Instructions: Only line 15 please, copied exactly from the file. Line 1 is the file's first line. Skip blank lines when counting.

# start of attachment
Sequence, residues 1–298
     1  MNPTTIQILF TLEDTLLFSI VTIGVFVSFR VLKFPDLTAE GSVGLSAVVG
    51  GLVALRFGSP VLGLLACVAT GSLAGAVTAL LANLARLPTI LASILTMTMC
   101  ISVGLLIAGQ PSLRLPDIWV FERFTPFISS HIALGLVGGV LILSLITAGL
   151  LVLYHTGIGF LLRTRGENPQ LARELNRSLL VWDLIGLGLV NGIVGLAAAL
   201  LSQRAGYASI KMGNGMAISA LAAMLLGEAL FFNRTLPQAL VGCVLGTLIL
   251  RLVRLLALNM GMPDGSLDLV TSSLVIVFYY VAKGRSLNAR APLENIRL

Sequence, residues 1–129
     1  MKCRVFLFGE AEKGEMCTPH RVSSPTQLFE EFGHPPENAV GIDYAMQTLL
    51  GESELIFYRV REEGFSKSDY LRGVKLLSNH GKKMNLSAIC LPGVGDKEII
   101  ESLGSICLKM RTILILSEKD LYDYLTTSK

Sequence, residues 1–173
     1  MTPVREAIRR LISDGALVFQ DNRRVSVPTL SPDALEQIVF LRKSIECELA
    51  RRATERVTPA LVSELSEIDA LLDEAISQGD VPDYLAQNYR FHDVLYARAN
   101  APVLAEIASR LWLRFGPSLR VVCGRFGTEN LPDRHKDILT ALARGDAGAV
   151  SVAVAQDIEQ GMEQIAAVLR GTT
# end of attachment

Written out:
   101  APVLAEIASR LWLRFGPSLR VVCGRFGTEN LPDRHKDILT ALARGDAGAV